The photographs, like paintings by Bonies, play with the geometry.  In this case, within the rectangle.  Yes, if you look carefully you can pick out easily enough which part of the museum is actually pictured.  But these images too have more than their fair share of spatial and illusionistic games going on……all with the cool diffused light that the museum always has.

One of the other spaces in the Berlage exhibition makes use of large, black and white photographs of exhibitions of the past.  Often blown up to wall filling scale.  The pictured museum spaces seeming to open up mirrored rooms, but ones that take is into the past, peopled by visitors exploring exhibitions held in the same gallery space maybe fifty or sixty years ago.  You share the space for a moment, but find yourself reflecting on the different times and indeed the different world going on outside the walls of the museum.

When needs must, Covid, creative and educational choices…Minecraft in and out of the classroom

For a number of years in the winter months I run a series of lessons with the fifteen-year olds that I teach about architecture that focus on aesthetic beauty in contemporary buildings.  We spend time looking at the architecture found on the streets of our local towns and villages as well as the work of leading architects on the world stage.  Most pupils are interested and surprised when being introduced to the work of the likes of Zaha Hadid, Frank Gehry, Daniel Libeskind and Peter Eisenman, and seeing work that is a long way from what we find closer to home.

Once the theory and written assignments are out of the way we dive into what are some of my favourite lessons of the year.  Pupils begin work on a architectural design process that first involves them working out on paper a layout for the interior of a building, puzzling out how to make best use of a space with fixed parameters of a building’s footprint.  This is followed by a second part where following a short lesson on how to use SketchUp, the pupils use it to design the exterior to accompany their interior plans.  We sit for several lessons at the computers at school, first working on the basic form, and then focussing of pushing the level of detail and refinement in the design as far as we can.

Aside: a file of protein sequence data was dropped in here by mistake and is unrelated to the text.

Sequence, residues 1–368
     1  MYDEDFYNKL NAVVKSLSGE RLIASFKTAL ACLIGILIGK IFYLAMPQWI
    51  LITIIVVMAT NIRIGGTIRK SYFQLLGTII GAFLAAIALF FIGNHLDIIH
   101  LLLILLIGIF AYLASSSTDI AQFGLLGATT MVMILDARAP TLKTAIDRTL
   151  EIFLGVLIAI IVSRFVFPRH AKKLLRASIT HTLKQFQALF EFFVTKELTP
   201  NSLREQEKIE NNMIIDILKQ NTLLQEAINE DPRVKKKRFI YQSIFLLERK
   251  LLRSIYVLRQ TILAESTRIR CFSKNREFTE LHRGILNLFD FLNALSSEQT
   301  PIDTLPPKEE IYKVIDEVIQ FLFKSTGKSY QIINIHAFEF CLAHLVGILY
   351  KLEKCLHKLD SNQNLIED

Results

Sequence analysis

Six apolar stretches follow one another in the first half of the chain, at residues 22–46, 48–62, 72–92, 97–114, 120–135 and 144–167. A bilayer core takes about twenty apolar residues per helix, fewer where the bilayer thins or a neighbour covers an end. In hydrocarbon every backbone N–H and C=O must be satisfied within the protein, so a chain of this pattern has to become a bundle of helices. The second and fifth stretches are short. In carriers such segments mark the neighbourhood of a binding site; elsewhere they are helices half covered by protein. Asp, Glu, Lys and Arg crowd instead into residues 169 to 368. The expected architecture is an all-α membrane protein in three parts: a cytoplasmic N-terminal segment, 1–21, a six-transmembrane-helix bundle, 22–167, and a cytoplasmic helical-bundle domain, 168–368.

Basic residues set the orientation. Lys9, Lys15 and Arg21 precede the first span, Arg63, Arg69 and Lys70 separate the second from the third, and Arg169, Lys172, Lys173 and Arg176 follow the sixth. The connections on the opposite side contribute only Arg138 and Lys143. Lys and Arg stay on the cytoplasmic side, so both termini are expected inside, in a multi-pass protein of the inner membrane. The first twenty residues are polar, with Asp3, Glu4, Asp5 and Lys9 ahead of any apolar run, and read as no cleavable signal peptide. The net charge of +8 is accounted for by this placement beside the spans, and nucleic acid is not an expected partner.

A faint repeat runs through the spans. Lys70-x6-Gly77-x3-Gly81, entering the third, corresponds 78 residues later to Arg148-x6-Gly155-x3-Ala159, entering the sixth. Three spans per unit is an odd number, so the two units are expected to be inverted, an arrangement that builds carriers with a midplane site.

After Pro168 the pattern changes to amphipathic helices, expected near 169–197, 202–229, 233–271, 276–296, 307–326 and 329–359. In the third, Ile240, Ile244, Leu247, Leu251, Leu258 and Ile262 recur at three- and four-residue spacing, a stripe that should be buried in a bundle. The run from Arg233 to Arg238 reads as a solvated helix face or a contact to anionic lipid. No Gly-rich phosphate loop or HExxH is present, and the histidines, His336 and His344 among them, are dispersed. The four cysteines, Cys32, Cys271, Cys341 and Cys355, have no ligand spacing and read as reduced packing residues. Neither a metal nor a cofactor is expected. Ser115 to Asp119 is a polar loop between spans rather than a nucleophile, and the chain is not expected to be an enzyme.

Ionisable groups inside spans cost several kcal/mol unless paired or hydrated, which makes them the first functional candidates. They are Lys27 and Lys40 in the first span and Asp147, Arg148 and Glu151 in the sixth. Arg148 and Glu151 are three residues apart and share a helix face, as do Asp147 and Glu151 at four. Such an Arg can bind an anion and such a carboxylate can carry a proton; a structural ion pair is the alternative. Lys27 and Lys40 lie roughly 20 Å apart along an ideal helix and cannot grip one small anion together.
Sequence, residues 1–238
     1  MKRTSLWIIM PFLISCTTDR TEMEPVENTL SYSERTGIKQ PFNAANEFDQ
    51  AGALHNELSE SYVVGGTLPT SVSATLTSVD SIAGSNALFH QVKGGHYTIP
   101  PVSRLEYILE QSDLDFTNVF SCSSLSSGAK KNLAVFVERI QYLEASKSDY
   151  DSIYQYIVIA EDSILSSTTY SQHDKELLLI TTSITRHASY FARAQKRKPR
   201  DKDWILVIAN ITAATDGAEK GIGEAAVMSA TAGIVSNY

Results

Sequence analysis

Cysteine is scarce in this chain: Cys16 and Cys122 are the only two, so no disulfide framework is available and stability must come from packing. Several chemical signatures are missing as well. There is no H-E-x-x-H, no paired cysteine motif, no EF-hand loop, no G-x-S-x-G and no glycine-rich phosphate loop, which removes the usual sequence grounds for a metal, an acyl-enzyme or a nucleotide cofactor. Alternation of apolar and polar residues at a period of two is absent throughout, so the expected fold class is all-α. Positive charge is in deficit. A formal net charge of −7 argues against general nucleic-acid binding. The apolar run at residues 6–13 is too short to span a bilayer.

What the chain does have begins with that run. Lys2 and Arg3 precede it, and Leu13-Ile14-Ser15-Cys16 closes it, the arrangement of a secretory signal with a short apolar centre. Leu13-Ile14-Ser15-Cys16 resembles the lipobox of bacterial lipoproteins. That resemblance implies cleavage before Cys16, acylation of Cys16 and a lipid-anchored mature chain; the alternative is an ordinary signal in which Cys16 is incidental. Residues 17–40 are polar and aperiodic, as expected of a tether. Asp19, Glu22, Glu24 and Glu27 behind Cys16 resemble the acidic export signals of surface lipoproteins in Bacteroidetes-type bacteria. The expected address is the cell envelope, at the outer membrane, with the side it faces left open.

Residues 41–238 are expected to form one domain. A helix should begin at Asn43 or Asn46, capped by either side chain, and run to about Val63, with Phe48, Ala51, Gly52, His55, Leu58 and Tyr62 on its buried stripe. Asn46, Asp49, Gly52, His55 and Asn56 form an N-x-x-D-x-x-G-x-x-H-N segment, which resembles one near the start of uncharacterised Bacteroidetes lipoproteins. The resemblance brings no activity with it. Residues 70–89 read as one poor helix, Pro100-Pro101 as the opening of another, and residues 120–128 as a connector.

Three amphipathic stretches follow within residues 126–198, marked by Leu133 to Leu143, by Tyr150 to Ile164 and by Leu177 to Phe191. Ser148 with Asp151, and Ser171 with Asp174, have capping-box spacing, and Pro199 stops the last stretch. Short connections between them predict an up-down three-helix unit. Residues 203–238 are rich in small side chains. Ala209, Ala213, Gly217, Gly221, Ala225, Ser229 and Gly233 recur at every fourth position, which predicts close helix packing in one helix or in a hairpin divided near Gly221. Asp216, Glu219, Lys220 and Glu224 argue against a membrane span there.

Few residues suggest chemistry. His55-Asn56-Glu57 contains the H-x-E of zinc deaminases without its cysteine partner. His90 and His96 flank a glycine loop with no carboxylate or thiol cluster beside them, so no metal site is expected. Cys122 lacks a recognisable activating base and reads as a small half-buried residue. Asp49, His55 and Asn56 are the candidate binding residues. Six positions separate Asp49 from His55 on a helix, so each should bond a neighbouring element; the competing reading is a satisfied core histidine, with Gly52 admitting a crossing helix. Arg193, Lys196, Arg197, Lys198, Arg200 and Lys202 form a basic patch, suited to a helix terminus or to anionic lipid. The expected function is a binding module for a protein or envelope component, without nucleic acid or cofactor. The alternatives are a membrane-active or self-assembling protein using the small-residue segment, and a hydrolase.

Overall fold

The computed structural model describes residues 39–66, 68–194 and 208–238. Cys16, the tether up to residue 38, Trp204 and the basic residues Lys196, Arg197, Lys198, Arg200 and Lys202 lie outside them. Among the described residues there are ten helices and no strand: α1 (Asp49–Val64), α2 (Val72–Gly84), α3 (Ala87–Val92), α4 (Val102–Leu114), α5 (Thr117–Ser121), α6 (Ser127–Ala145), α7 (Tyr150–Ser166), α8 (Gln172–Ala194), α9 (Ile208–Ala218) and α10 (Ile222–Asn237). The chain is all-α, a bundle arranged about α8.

This year though, with a lockdown in place and lessons being given online this practical assignment presented a problem.  Many of our pupils, when at home, only have access to their iPad, the chosen digital device that we have been using at school for a number of years.  There may be a computer at home, but during lockdown, the whole family may have claims on this.  To get round this problem, as an art department, we reorganized the assignment (like we have done many times in the last year!).  The new version offered a whole series of possibilities:

  • The SketchUp option (for those who could install and use computer)
  • Tinkercad 3D design software (that does work on the iPad)
  • A physical maquette made of wood, cardboard, paper, plastic, etc.
  • Two architectural drawings

Or, and this turned out to be the real crowd pleaser…..

  • Using Minecraft to design the building

I have to admit that was a little a little sceptical at the beginning.  Would the limitations of the Minecraft blocks simply be too much of a restriction and result in designs with little flair and imagination?  I need not have worried, encouraging the pupils to work big in their Minecraft worlds meant that this really wasn´t too much of an issue.  Pupils seemed only too keen to put the necessary hours in and show off the hours that they had already invested over the years mastering the building possibilities. 

video 20210425 93604 PM c36ea098 – YouTube

Ckv modern school building – YouTube

There has been much reinventing of the educational wheels this year.  Multiple assignments have been adjusted, redeveloped or simply thrown away to be replaced by others that may work in an online teaching world.  This is just one such example. 

An assignment to keep in for next year?  Given the choice I’ll head back to SketchUp with these older pupils.  But the idea of using Minecraft within an art program is a possibility for sure.  The software is a bit geared up for a particular type of architecture, but maybe heading off in a different direction altogether and using it to create abstract sculpture could be very interesting, and the pupils might be less drawn to following tutorials on YouTube.  I have also just thrown down a challenge to the 12 year olds I teach to try using Minecraft to recreate Renaissance architecture as it is to be would in the paintings from 500 years ago…….I’ll be posting the results in due course!

“Do you think everyone will actually go for a walk?” – getting the landscape into the classroom